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An organization called Care for Free and Fair Elections Ghana (“CARE” GHANA) has called on the Electoral Commission (EC) to put in place measures to curb the surge in rejected ballots in Ghana’s national elections.


The organization has stated that since the beginning of the Fourth Republic, records from the Electoral Commission (EC) shows that, one million four hundred and ninety eight thousand and eighty five (1,498,085) ballots have been rejected in eight national elections.

“This indicates that, voters have been unable to cast their ballots the right way, making it tough for the choice of the electorate to be known. This precipitates the growing concern about the surge in ballot papers rejected in national elections. Irrespective of the progress made by the introduction of reforms, rejected ballots continue to pose a threat to electoral advancement and Ghana’s quest for democratic consolidation,” the Organization stated.

This was contained in a press release dated December 13, 2021. It was signed by David Kumi Addo, Executive Secretary of CARE Ghana.

He stated that for instance, 149,813, 111,108, and 119,372 ballots were rejected in 1992, 1996 and in 2000 elections respectively, while in the 2004, 2008, 2012 and 2016 elections, rejected ballots were 188,123; 205,643; 243,280; and 167,349 respectively. “Occasionally, these rejected ballots amounts to colossal percentages of the votes in excess of the total number of votes garnered by all the smaller political parties,” he stated.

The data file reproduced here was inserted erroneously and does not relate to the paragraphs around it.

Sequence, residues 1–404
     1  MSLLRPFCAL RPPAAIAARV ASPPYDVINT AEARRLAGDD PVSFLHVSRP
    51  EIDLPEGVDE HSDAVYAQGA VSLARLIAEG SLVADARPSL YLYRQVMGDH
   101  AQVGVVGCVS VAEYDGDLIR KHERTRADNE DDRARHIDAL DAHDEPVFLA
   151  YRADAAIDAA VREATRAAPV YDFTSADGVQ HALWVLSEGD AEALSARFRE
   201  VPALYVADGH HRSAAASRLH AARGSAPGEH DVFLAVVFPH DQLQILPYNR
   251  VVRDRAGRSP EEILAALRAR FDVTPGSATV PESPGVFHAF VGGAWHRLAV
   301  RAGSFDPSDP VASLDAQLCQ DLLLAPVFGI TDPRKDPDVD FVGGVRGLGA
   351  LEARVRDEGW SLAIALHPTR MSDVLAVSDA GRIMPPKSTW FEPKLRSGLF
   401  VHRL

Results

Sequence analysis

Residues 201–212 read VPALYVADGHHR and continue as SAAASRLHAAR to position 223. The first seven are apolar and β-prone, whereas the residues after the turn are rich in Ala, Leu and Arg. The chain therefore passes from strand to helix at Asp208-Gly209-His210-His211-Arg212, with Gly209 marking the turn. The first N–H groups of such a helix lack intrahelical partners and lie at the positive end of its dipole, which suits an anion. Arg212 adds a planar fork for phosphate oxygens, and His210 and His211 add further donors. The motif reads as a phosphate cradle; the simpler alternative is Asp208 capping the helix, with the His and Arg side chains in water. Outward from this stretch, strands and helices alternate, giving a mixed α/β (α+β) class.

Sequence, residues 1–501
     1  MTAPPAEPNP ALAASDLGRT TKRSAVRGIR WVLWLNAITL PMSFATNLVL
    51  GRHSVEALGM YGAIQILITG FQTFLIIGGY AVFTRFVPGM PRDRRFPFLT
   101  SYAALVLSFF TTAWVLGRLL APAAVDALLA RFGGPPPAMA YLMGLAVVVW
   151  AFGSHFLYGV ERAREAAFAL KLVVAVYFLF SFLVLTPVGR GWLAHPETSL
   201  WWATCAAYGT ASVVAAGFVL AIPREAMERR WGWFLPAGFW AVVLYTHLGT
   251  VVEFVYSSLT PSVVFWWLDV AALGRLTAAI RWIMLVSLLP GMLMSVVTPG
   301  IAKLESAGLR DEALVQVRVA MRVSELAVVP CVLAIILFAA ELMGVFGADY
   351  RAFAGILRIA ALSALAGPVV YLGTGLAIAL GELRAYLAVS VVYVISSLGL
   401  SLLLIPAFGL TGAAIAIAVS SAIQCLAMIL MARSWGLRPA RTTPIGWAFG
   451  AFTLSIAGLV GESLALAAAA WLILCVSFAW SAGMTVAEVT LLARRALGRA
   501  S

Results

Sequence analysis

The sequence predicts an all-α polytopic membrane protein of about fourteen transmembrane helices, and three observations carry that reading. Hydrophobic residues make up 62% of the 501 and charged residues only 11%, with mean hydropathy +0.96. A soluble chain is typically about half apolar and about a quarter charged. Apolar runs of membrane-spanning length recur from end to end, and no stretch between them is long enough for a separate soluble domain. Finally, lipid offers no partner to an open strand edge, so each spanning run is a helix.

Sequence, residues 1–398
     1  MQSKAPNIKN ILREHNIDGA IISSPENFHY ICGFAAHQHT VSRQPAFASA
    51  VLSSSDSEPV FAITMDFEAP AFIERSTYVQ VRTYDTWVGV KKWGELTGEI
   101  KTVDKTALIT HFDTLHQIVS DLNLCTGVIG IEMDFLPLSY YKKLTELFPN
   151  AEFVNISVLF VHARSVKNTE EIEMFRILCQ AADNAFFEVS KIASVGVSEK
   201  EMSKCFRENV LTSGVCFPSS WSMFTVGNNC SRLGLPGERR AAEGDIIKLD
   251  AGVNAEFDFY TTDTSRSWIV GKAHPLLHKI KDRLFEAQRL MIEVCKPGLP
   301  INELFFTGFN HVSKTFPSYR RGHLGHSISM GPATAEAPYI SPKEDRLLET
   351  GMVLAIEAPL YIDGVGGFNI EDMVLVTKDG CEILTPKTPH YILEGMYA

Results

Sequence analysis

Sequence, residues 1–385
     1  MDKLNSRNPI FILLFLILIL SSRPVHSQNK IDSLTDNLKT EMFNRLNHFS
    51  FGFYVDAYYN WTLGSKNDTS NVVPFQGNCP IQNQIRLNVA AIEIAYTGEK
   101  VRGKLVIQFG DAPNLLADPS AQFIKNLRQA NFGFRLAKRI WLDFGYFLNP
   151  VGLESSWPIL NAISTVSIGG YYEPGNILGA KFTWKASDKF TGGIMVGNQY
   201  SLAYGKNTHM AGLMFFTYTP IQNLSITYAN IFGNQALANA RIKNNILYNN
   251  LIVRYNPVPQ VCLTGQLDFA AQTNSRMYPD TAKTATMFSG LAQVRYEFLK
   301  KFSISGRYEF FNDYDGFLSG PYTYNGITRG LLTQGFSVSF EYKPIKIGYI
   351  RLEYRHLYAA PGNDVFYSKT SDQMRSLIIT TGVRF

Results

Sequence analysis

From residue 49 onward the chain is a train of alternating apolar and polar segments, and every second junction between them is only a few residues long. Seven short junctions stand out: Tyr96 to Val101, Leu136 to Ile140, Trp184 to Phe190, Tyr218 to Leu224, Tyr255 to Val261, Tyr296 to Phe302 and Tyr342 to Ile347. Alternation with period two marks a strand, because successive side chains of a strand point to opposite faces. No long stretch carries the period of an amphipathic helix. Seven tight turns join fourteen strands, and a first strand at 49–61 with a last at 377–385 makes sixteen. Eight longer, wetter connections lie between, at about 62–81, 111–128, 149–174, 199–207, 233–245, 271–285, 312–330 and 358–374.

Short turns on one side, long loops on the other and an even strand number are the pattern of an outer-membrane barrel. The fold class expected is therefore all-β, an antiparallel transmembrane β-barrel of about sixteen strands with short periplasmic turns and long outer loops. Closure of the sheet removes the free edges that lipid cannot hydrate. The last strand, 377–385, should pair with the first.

He noted that in the 2020 elections for instance, 313,397 rejected ballots were recorded, thereby causing a huge financial loss of GHC14, 116,967 to the state.

“It is worth noting that, rejected ballots recorded in the 2020 Presidential Race is higher than ever in terms of absolute figures. Friedrich Ebert Stiftung reports that, rejected ballots in the 2004 elections constitute 2.13% of 8,625,785 total votes cast, far in excess of the 165,375 votes constituting 1.9% Dr. Edward Mahama of the People’s National Convention (PNC) garnered. Had it not been for these rejected ballots, Prof. John Evans Atta Mills of the National Democratic Congress (NDC) or Nana Addo Dankwa Akufo Addo of the New Patriotic Party (NPP) could have won the first round of the 2008 elections.

“Clearly, if rejected ballots were a political party, they could boast of a steady increase in popularity ahead of the smaller parties. As a voting right organisation and advocates, it is our considered view that, effective collaboration between the Electoral Commission (EC) and the National Commission for Civic Education (NCCE) to provide proper public education will improve electorates’ ability to vote and vote well. Also, abolishing the use of ink in voting will eliminate incidence of rejected ballots occasioned by spillages or inaccurate folding of the ballot sheet. Since Ghana returned to electoral democracy, votes cast by some electorates have been rejected in elections. Rejected ballots continue to maintain its position representing the third force behind NDC and NPP.

“In some instances, these rejected ballots could be mischievously added to the votes of political parties that lost elections to make them winners. Ghana’s elections in 2024 is critical, hence every ballot cast by the electorates must counted. Consequently, effective collaboration between the Electoral Commission (EC) and the National Commission for Civic Education (NCCE) is required to educate and enlighten both new and old voters ahead of the 2024 general elections to if not eliminate mitigate the number of rejected ballots in Ghana’s elections,” the group stated.

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